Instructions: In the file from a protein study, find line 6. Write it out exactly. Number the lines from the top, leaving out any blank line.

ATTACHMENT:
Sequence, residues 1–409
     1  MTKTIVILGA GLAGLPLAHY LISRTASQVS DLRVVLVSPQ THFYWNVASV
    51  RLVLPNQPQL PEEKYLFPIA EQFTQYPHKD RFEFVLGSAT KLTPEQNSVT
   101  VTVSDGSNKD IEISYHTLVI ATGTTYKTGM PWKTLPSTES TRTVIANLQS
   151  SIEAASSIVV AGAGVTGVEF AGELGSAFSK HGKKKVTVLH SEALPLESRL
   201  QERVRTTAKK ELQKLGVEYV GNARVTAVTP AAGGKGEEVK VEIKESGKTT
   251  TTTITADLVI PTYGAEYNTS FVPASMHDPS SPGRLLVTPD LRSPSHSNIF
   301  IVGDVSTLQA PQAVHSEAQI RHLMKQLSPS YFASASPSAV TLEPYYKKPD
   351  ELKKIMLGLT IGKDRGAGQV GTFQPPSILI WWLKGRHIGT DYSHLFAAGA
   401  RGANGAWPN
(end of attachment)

   201  QERVRTTAKK ELQKLGVEYV GNARVTAVTP AAGGKGEEVK VEIKESGKTT